And they explained they had found great sympathy and support from all the ports and communities they had visited in their long voyage from Falmouth in Cornwall up the east coast of the UK - with every port so far, waiving its mooring fees in support of their venture.
Looking back at his RAF career, Shaun said the rescue work out in Afghanistan  was “quite challenging, it was really hard.  Coming home was really hard.  We picked up about 6,500 patients and of those, personally, I picked up 1494.” 
Approaching his last year in service, Shaun decided to spend his resettlement time and money on a Royal Yachting Association, Yachtmaster Offshore course with Cruising Instructor.  Using this qualification Shaun began providing sailing opportunities for others.  The success of this meant that Shaun registered a charity with the Charity Commission in July 2012 and Turn to Starboard was born.  Originally the work was entirely ad hoc with borrowed boats but the way the sailing benefitted those involved meant the project grew and it has seen a dramatic increase in funding and support from other charities and organisations supporting veterans.
Building on how he managed his own recovery, Shaun said that the sailing experience “particularly benefits those with post-traumatic stress disorder.” He said: “most of them struggled to do everyday things and engage with normal life.”  The experience of sailing meant that “suddenly, within a day or two, they realise they are in like-minded company, there’s no judgement, there’s no reminders, there’s no associations with what they had done and they kind-of get on with it.  We don’t mince our words, if you get three services – RAF, Army, and Navy – on board a boat they are pretty ruthless and the banter is rife, they…start engaging, enjoying it and learning something new.”
Sitting below deck with crew members, it is difficult to imagine a group of more positive people.  They make it quite obvious how much they are enjoying the work and the real challenges involved in the work and life at sea.  Tamsin Mulcahy, the operations manager, is the only civilian on board and is part of the core crew from Turn to Starboard.  She had been to Stornoway before, with the Tall Ships in 2011.  Her fellow crew members make clear she has the respect of all around for her management and sailing skills – and you know they are going to waste time on saying that if they did not mean it.  Their reception in each port has been positive and Shaun says this is a real change in public attitudes to service-people and ex-service-people which has taken hold in the last 20 years.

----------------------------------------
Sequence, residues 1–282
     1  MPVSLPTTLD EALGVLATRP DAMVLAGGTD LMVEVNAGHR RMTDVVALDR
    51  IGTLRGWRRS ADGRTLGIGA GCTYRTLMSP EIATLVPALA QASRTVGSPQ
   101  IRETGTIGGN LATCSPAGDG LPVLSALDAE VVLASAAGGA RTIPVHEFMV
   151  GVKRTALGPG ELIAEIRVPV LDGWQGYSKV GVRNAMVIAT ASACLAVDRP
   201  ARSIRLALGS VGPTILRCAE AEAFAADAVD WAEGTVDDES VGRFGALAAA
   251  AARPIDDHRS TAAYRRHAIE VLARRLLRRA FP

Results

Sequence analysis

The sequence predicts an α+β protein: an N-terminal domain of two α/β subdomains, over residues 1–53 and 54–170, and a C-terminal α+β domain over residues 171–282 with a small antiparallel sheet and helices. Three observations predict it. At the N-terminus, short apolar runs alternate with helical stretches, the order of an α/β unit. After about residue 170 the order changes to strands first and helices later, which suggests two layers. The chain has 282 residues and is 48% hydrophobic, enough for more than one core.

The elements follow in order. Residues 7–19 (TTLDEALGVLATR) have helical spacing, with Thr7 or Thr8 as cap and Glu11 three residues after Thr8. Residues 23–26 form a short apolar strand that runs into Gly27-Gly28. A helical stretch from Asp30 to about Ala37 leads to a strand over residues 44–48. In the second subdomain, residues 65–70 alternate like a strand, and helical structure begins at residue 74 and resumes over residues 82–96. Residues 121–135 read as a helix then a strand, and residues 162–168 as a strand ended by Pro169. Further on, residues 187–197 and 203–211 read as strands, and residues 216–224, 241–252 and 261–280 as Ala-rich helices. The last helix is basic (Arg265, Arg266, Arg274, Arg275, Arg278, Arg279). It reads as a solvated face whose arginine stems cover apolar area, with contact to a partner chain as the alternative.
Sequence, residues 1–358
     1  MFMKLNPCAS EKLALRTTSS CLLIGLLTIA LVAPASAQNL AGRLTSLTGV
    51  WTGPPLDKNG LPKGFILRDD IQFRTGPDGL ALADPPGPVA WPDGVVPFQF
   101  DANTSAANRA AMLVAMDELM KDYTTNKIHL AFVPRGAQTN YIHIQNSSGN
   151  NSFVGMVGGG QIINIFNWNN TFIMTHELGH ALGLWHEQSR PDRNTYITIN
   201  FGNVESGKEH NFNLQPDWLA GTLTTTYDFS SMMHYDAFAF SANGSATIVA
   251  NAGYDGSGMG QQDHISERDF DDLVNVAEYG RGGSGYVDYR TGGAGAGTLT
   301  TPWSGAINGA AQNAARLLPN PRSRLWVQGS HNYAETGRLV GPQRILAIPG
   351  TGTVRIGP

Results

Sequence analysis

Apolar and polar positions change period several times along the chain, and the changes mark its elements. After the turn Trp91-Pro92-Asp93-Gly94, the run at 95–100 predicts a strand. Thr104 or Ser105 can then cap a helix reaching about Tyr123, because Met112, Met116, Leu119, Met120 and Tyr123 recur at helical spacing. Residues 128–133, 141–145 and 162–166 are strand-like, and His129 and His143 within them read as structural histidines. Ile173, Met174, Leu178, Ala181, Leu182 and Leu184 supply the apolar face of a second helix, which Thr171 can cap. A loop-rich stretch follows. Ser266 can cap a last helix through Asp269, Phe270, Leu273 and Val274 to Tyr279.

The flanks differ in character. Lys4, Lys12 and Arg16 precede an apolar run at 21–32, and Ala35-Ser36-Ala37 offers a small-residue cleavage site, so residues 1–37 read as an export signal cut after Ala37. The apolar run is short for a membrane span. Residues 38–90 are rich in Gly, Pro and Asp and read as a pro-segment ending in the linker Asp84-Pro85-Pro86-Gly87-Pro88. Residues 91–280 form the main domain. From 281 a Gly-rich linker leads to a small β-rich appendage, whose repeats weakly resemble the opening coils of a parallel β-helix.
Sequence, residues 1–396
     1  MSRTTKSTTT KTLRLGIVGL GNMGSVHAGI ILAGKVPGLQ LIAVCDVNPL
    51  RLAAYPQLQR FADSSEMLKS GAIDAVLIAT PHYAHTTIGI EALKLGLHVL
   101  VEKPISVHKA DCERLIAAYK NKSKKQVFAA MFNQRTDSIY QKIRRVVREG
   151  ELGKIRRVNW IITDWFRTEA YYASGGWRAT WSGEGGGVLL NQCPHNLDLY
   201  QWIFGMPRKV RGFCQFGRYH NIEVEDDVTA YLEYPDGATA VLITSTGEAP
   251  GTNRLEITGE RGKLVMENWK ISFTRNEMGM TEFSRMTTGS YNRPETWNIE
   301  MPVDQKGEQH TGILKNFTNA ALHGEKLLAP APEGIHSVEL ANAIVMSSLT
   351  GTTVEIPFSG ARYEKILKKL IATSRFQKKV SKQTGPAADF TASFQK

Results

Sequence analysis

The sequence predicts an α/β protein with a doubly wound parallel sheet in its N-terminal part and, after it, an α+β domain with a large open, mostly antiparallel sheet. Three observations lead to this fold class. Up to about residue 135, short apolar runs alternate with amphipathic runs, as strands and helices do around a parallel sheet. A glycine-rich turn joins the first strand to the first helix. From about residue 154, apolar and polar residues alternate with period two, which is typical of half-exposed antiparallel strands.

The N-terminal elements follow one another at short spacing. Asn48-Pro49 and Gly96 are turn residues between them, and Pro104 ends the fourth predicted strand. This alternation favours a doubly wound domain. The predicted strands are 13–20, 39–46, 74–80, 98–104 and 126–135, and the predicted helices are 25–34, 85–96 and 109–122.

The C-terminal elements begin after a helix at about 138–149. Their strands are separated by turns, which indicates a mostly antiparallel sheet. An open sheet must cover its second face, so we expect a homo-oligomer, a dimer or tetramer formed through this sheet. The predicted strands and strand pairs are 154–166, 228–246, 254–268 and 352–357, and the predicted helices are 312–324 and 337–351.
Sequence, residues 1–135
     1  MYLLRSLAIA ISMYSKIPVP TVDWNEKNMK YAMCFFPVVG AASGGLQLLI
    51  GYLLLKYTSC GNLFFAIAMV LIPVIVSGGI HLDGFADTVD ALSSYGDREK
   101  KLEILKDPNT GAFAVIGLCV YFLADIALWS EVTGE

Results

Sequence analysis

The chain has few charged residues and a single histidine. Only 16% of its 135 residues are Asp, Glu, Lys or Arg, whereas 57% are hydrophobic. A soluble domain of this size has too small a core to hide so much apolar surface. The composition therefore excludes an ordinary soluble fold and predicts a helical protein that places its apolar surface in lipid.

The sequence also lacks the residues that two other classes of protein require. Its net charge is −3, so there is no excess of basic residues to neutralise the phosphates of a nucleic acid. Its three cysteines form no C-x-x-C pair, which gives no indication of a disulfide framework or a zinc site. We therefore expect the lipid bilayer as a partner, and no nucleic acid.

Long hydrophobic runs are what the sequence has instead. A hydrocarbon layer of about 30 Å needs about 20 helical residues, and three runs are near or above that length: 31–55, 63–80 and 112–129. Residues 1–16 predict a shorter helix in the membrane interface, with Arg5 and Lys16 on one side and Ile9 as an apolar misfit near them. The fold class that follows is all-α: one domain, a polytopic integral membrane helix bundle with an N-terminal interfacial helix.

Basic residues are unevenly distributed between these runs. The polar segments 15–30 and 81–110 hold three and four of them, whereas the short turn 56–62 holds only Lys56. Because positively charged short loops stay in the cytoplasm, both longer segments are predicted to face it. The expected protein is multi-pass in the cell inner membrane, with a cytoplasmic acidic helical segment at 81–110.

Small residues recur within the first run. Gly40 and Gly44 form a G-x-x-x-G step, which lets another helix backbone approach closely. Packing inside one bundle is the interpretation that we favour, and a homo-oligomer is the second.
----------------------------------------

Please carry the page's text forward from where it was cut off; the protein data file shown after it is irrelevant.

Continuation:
Tamsin explains that when they arrive in Liverpool in a fortnight they will be taking part in a 250th anniversary commemoration of the work of the Mersey Pilot schooners.  These used to race out to the Mersey Bar – a vast sandbank – to safely guide in ships to the port.  They competed with each other to be fastest so as to get out to the cargoes first – and were paid in cargo from the vessels which was carried in the rear holds and sold-off to make the money to pay the crew. 
Shaun emphasises that on the Spirit of Falmouth they are not providing treatment – or counselling.  He has turned people away who weren’t engaging with their treatment.  But they have found that the sailing experience has helped some understand better what their psychological treatment is meant to be achieving.  After the initial trips, he says: “we got to teaching people who were really quite profoundly unwell to do crew and day-skipper courses.  Then they came back for more.” This got them yachtmaster qualifications and some have now gone on to full-time jobs – including with Turn to Starboard itself – and others to part-time jobs like yacht delivery.  He emphasised the special skills of their yachtmaster trainees – not only did they have experience on a wider range of vessels than is usual as part of their training but they had pre-existing skills as navigators, as engineers and generally as leaders. 
The Round-Britain trip has won wide support, not just from ports and from ordinary people and businesses wherever they have visited but from major funders including International Paints and the Endeavour Fund. 
After leaving Stornoway, the Spirit of Falmouth headed for Oban where she met up with the other two yachts and there was a crew changeover.   Next stop is the Isle of Arran, followed by the Isle of Man.  Whitehaven in Cumbria follows next – arriving July 17th, if the timetable can be maintained.   Then there is the stop in Liverpool for the 250th anniversary of Mersey Pilot Schooners with an exhibition at Liverpool Maritime Museum that opens July 22nd.  After that, another crew changeover, passage to Holyhead, the Isle of Lundy, Isles of Scilly and finally back to Falmouth for the start of August.